Shortly after the October Conference in 1890, at which the Manifesto ending the practice of polygamy was adopted, Pres. Woodruff explained:
The Lord showed me by vision and revelation exactly what would take place if we did not stop this practice. If we had not stopped it, you would have had no use for...any of the men in this temple at Logan; for all ordinances would be stopped throughout the land of Zion. Confusion would reign throughout Israel, and many men would be made prisoners. This trouble would have come upon the whole church, and we should have been compelled to stop the practice. Now, the question is, whether it should be stopped in this manner, or in the way the Lord has manifested to us ... (D&C Official Declaration 1).
That arrogant dream was shattered by about 1930 with the advent of "quantum mechanics." It was discovered that even in principle we cannot know the exact position and velocity of even one particle, let alone all the particles in the universe. What could, however, be known very accurately is the probability of the outcome of certain experiments. Since then, experiments based on the laws of quantum mechanics, which was developed to calculate those probabilities, have been so successful that it would be difficult to find a serious scientist who questions what they predict.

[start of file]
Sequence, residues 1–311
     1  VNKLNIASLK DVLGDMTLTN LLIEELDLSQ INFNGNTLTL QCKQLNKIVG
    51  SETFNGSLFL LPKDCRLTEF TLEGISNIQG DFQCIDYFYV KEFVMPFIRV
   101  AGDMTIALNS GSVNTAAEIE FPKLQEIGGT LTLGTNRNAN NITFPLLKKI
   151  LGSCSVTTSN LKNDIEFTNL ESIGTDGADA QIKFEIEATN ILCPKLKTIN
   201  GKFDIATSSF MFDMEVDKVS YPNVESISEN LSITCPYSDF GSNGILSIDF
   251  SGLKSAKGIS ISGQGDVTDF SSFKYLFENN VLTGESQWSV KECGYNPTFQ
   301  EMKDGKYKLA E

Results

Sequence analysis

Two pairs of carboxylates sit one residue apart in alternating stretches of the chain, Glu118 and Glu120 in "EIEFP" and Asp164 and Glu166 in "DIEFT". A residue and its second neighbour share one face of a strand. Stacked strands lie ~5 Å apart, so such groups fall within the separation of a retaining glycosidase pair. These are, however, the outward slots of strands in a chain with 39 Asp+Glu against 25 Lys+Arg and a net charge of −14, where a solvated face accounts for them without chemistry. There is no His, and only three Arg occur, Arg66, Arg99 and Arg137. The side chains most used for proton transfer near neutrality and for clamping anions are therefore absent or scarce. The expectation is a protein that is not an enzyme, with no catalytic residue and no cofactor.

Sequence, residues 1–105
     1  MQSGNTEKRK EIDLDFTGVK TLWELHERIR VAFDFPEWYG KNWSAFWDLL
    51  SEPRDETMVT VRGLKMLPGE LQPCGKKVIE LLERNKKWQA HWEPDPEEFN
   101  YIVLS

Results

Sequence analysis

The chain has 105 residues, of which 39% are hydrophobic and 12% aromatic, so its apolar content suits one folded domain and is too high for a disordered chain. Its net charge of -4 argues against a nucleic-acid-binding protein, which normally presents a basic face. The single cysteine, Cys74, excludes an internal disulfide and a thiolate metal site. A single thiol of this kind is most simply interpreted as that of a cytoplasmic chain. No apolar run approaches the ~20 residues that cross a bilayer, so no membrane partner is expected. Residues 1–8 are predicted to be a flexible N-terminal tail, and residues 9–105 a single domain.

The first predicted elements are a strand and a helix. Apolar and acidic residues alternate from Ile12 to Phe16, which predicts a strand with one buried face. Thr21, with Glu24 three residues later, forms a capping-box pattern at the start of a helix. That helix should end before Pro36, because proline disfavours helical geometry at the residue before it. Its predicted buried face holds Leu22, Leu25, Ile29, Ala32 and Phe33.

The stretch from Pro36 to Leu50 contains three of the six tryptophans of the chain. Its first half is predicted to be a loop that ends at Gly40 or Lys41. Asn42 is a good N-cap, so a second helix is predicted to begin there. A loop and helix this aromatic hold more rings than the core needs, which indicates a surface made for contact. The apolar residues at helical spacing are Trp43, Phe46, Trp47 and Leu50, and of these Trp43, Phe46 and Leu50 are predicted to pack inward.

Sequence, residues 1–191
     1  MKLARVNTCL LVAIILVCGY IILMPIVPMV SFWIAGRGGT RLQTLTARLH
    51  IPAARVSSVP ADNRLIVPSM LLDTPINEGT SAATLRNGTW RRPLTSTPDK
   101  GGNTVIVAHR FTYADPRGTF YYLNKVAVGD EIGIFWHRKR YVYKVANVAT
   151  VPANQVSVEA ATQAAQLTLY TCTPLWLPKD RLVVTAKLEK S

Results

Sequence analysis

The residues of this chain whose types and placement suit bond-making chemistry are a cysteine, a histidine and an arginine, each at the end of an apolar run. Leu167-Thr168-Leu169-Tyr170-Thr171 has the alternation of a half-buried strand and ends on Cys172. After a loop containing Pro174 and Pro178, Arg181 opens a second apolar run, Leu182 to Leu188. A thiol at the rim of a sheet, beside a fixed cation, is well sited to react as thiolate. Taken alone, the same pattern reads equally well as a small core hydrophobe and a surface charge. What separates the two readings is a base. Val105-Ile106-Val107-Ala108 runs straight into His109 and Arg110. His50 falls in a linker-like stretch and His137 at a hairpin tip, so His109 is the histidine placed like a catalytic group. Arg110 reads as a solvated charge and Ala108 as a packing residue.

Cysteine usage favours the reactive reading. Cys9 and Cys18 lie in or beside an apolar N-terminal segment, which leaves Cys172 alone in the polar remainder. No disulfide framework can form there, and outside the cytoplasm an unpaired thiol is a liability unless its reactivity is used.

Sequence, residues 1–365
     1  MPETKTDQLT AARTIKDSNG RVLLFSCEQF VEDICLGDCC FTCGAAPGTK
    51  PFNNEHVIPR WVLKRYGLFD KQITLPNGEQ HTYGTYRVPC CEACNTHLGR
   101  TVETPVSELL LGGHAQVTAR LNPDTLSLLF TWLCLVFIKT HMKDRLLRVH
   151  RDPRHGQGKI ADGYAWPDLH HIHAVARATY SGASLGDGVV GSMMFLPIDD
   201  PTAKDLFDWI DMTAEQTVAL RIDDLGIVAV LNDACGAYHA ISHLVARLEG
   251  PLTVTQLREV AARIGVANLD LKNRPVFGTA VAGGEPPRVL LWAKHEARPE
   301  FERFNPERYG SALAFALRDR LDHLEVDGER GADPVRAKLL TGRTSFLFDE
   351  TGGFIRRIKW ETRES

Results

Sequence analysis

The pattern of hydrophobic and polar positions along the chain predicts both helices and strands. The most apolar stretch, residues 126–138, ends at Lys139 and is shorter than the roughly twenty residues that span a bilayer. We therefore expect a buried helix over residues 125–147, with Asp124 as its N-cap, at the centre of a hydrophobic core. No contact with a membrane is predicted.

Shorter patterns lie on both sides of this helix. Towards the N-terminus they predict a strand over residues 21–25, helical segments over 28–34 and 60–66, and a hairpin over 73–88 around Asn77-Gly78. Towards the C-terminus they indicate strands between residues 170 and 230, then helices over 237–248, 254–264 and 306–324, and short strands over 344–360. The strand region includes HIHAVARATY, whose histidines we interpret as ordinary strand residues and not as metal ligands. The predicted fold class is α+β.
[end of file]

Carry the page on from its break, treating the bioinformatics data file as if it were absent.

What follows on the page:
The pendulum has now swung to the other extreme in the prevailing scientific view from a totally deterministic universe to one in which nothing is determined. Probability has been enthroned as the new king. In modern physics, "free will" now has ample room to modify the future, if it can modify probabilities.
While scientists agree on the results of quantum mechanical experiments, there is a wide diversity of just how they are to be understood. Without going into details here, let us simply note that there are two popular interpretations, but we must caution that the results of quantum mechanics are so bizarre than neither of the interpretations is really believed by a majority of scientists.
This paradox led to another interpretation proposed in 1957, called the "Many Worlds," or better, the "Parallel Universes" interpretation. In this view, multiple universes all occur simultaneously, which are all equally real. In the cat experiment, at each instance when the quantum event has some probability of happening, a universe splits off in which the cat dies at that time. The good news is that now the scientist opening the box has been removed from the equation. That bad news is that now we have what most scientists find even more ridiculous, that zillions of equally valid universes are all really happening simultaneously. In this universe you are reading this article, but another version of you in a different universe is not. That's pretty hard to take seriously.
Okay, so now you are glad that you've never studied quantum mechanics because it all sounds absurd. The lead article in Discover for September, 2001, was entitled "Quantum Shmantum." It included Nobel laureate Steven Weinberg's summary of the parallel universes idea, paraphrasing Winston Churchill's quip about democracy: "It's a miserable idea except for all the other ideas." Scientists clearly have a long way to go before they even come to a consensus, much less actually hit on what really is happening. But hopefully science is making progress toward understanding what is going on.